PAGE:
Companies are being more closely scrutinized for using their platform to make political statements to distract from ‘bad behavior’ and gain free publicity, according to Policy Exchange.
New research by the influential British conservative think tank finds that 23 percent of surveyed adults say companies primarily make political statements because they want free publicity, while 20 percent view these statements as a method of distraction from bad behavior, such as not paying enough tax.
The report comes in the wake of growing concern over commercial companies showcasing political positions, ‘often at the expense of their customers or employees’, according to the poll of 1,169 adults.
‘Sharing controversial beliefs’
More than half (58 percent) of surveyed adults disagree with companies’ forcing employees to declare gender pronouns such as he/him, she/her or they/them.
Only 12 percent of surveyed individuals support companies that fire employees for sharing controversial beliefs on social media, while 52 percent of adults oppose the idea and 18 percent disagree with the practice.
Nearly half (49 percent) of surveyed adults disagree with the idea companies should be able to refuse to do business with customers who hold political beliefs while 20 percent agree and the remaining 31 percent of polled adults remain undecided.
But people have more mixed views when it comes to companies campaigning against the government. When asked whether they support or oppose the practice, 22 percent of adults are in opposition while 35 percent are supportive and 43 percent prefer not to say or say they don’t know.
Not every customer, employee or investor will fall in love with a company because it has an inspirational mission statement, says Bastiaan van der Linden, associate professor of corporate social responsibility at EDHEC Business School and director of the MSc in global and sustainable business.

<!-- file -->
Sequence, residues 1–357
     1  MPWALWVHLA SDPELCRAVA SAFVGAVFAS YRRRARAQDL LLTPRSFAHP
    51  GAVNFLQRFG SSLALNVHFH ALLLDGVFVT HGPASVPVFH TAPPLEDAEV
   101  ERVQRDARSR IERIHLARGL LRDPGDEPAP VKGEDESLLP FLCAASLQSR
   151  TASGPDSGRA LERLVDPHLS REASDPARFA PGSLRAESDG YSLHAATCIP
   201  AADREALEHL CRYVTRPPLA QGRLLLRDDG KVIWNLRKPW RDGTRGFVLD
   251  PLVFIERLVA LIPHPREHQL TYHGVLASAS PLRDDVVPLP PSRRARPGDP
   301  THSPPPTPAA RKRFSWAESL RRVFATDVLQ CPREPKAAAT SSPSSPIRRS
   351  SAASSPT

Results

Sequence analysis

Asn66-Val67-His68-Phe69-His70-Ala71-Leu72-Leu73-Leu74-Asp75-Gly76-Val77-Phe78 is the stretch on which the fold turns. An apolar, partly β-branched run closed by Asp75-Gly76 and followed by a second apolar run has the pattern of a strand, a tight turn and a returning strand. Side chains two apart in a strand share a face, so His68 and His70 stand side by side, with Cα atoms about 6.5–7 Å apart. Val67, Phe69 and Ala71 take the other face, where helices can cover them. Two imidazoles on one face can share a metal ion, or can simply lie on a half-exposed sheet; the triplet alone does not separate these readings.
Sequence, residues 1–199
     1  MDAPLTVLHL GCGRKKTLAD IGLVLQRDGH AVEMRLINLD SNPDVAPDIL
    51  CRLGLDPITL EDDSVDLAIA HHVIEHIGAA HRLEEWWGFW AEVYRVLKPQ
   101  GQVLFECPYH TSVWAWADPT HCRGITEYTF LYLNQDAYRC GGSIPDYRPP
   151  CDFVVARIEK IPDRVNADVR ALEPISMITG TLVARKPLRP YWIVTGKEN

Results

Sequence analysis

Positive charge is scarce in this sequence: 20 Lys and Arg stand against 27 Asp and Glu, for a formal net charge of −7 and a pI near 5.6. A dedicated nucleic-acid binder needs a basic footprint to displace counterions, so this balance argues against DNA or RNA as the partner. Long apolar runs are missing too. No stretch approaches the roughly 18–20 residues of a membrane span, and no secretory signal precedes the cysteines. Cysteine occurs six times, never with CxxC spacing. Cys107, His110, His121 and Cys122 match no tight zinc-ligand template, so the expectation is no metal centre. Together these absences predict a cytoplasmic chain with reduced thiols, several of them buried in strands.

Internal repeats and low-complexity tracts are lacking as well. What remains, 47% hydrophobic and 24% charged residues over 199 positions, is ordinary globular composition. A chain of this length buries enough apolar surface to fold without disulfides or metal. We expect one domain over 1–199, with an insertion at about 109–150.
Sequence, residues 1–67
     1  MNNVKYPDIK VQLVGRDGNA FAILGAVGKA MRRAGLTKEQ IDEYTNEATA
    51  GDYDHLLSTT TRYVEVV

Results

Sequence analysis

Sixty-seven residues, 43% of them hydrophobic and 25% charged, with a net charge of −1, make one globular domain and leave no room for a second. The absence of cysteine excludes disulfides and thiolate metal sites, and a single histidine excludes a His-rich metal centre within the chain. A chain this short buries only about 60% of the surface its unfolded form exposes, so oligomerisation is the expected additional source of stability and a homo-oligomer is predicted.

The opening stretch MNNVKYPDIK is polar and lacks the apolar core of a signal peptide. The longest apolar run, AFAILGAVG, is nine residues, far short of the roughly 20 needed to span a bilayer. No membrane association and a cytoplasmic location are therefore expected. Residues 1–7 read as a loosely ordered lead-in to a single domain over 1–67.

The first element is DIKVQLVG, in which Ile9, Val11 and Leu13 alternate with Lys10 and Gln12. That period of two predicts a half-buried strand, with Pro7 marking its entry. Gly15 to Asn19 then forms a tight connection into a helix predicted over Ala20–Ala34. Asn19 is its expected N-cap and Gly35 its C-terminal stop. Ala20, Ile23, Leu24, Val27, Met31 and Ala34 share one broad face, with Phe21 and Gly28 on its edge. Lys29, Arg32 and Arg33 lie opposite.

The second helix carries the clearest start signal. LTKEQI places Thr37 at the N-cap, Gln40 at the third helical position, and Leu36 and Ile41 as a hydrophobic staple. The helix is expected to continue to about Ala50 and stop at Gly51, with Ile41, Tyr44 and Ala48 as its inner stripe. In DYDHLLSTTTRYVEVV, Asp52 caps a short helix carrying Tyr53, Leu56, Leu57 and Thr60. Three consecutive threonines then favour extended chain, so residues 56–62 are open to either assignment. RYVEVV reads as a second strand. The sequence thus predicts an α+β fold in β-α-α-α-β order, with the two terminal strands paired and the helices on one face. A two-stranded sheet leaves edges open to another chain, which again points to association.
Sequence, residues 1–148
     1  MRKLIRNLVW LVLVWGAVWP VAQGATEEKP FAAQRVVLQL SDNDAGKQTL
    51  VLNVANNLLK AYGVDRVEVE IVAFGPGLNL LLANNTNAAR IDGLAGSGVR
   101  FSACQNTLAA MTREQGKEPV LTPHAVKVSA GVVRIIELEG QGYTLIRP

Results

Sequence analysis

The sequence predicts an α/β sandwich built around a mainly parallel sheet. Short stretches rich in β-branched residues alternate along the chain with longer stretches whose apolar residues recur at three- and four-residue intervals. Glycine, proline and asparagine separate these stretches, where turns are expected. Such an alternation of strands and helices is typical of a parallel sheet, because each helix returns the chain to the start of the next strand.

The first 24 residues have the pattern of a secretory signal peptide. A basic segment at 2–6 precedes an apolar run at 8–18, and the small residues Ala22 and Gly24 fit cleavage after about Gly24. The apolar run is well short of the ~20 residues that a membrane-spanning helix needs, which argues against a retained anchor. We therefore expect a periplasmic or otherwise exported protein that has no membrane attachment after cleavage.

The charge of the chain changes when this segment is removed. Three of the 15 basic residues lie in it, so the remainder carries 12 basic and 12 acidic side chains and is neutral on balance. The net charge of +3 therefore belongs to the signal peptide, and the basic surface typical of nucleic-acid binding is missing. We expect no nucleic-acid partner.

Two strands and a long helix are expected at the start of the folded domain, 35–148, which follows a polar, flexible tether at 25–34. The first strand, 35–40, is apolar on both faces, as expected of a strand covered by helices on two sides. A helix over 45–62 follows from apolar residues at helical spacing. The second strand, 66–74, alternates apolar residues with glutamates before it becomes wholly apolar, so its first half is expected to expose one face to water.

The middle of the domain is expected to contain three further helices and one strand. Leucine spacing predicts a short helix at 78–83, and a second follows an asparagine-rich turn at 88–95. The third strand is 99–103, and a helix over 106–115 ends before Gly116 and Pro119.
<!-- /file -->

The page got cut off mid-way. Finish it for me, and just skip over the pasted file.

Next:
‘Some team leaders will dismiss business purpose as a bad idea from the marketing department. And some employees will grumble when a manager reminds them to aim for the greater good when customers are dissatisfied and sales are down,’ he says in the winter 2022 issue of IR Magazine.
Offering advice for IR professionals, Felise Kissell, IR and corporate affairs officer at Aramark, the NYSE-listed Fortune 200 provider of food, facilities and uniform services, says IROs should focus on a range of factors to gauge whether they are effectively adding value to the organization and shareholders. Kissell’s comments first appear in IR Magazine’s Best Practice Report: How to demonstrate the value of your IR program.
She suggests finding new buy-side and sell-side evangelists for the stock, ensuring the investment story is well understood, acting as an enabler for internal and external stakeholders and anticipating investors’ fundamental interests in advance.
‘Rise of woke capitalism’
Policy Exchange is preparing for the launch of its Corporate Culture Wars in the UK report which looks at the rise of ‘woke capitalism’, self-censorship in the workplace and reports of political discrimination against employees and consumers.
Prof Matthew Goodwin, newly appointed senior fellow and head of the Corporate Culture Wars project at Policy Exchange, says: ‘What this comprehensive polling shows is that large numbers of people are instinctively opposed to corporations getting involved in the culture wars.
‘They don’t think companies should be discriminating against workers because they might hold or express particular beliefs, they don’t think companies should refuse to do business with people who hold particular views and they don’t want their employer to be demanding they align themselves with particular political belief systems, such as gender identity theory.’